New Dept. Of Energy (DOE) Regulations For Heating And Cooling Efficiency: What You Should Know

New Dept. Of Energy (DOE) Regulations For Heating And Cooling Efficiency: What You Should Know

New SEER standards go into effect on Jan. 1, 2015

As we all know, the government regulates just about everything in our day-to-day lives, and air conditioning and heating are no different.

The Department of Energy sets energy-efficiency standards for HVAC equipment that manufacturers must meet. The standard is measured as the Seasonal Energy Efficiency Ratio (SEER): a number prominently displayed on the bright yellow Energy Guide sticker on the side of air conditioners, heat pumps, and other equipment.

The higher the SEER rating, the more energy efficient the unit is, and the more money you can expect to save by operating it. If you have an older air conditioning unit, you might see that it has a rating of 8 or 10 SEER. More recently, units have been manufactured to achieve 13 SEER, to meet the DOE’s requirements.

But times are changing, and the DOE has raised the bar higher for equipment distributors. There will be new efficiency standards based on the region that you live in–standards that officially go into effect on January 1, 2015.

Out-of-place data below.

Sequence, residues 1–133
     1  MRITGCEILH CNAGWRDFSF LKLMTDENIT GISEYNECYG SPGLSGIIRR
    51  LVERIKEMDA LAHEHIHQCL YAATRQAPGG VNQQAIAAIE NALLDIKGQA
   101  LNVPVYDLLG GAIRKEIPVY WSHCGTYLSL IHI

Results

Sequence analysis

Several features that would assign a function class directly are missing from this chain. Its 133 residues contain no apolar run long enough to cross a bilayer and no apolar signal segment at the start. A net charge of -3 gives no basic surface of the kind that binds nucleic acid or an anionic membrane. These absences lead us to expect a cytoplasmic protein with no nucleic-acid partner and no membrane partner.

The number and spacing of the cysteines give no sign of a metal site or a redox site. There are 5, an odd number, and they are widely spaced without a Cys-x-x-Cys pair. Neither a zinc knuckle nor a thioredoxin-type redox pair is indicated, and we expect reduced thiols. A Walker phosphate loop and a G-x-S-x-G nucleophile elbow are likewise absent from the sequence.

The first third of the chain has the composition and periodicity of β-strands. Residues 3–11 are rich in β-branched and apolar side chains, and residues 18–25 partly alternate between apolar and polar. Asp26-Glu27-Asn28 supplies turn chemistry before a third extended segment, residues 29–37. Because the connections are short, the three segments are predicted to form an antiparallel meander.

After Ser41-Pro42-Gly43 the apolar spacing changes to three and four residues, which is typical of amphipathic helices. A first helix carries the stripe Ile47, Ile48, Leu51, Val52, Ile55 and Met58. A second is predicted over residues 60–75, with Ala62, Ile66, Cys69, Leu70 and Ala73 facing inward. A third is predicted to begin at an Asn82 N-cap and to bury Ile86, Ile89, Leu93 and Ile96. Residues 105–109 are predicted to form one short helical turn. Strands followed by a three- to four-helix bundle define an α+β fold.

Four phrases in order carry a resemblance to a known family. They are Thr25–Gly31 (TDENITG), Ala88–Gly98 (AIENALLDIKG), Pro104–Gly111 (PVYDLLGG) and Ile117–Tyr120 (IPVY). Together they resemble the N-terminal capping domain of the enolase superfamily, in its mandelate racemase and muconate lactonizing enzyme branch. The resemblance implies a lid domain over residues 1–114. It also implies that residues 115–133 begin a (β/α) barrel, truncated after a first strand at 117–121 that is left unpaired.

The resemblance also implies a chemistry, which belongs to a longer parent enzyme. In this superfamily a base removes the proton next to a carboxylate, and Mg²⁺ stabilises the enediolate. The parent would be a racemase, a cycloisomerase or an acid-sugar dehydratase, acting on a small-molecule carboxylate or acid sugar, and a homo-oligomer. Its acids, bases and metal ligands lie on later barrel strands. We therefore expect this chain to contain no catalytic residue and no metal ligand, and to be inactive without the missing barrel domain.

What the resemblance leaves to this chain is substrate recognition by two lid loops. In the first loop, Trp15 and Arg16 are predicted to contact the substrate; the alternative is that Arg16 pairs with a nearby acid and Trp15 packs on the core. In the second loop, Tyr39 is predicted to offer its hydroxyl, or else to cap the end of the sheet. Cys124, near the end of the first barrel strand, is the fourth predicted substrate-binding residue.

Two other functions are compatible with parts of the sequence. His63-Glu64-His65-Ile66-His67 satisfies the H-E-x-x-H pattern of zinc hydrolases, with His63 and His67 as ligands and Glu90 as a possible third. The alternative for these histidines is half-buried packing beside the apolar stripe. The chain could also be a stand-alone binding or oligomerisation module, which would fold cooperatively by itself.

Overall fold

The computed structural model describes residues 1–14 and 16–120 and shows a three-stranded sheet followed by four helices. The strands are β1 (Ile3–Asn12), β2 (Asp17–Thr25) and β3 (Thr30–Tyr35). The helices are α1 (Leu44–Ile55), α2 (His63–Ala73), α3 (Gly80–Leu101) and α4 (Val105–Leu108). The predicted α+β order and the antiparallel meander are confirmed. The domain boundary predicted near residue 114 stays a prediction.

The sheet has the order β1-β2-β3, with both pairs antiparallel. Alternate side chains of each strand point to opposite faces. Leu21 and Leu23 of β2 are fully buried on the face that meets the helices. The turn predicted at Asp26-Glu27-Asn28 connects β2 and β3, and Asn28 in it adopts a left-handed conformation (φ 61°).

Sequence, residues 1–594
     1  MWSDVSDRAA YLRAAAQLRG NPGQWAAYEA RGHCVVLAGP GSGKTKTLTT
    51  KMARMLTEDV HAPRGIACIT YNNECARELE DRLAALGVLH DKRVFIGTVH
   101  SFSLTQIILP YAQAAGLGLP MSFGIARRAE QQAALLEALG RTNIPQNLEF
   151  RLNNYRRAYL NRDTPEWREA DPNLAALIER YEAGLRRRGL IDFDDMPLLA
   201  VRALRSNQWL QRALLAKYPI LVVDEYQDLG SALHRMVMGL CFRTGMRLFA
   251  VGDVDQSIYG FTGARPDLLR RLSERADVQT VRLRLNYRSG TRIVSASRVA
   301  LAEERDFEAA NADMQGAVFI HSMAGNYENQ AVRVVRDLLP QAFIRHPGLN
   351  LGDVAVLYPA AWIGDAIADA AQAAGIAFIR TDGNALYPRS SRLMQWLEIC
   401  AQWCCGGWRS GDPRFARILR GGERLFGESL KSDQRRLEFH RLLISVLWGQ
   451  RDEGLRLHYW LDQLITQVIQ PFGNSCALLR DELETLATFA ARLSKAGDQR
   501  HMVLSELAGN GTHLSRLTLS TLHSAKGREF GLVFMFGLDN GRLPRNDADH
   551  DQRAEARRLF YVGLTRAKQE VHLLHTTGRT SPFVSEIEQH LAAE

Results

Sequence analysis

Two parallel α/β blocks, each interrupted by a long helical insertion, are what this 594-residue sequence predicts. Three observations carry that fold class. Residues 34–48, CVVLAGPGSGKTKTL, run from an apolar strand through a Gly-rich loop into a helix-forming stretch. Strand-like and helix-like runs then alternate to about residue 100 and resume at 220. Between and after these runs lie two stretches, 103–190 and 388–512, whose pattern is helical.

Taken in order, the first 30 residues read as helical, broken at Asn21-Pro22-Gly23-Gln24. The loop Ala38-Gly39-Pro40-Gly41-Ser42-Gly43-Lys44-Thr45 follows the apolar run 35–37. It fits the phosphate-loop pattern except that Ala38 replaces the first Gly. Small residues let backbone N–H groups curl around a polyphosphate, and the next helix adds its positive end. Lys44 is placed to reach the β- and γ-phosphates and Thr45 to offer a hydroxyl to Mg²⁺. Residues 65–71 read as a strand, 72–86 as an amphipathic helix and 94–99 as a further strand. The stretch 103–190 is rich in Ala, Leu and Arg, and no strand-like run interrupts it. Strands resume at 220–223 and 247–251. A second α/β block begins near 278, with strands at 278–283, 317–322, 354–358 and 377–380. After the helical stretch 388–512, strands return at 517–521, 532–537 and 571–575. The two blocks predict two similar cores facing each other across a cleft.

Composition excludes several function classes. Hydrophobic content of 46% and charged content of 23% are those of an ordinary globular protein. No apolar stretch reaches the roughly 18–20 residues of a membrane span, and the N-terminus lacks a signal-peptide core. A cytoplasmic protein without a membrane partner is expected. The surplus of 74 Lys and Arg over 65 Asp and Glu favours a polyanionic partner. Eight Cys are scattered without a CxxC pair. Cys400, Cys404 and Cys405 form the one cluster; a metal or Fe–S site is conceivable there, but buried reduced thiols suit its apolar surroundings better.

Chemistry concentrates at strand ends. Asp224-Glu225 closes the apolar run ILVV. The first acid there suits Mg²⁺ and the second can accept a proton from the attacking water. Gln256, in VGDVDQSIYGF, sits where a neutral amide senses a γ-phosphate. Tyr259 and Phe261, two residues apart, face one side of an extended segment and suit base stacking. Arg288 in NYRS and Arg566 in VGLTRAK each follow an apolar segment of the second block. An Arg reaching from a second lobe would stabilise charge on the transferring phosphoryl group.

Beginning on that date, air conditioners installed in homes in the South region of the U.S. (Texas is included in the South region) must have at least a 14 SEER rating. The same goes for heat pumps and gas package units installed in the South region.

But what if the equipment manufacturers, distributors, and building contractors still have 13 SEER air conditioning units in their inventory by that date? Fortunately, the DOE is allowing an 18-month grace period to sell, distribute and install these units, as long as they have a manufacturing date before January 1, 2015.

Yes, it does get a little complicated–there are different efficiency standards for other regions of the U.S., for example. Be sure to discuss options with your Daffan tech to select a unit that meets your needs, both now and in the future (for example, if you are planning to sell your home sometime in the future, a unit with high efficiency may have a positive impact on your home’s resale value).

For more insight on the new SEER standards, click here to download a fact sheet from the Appliance Standards Awareness Project.

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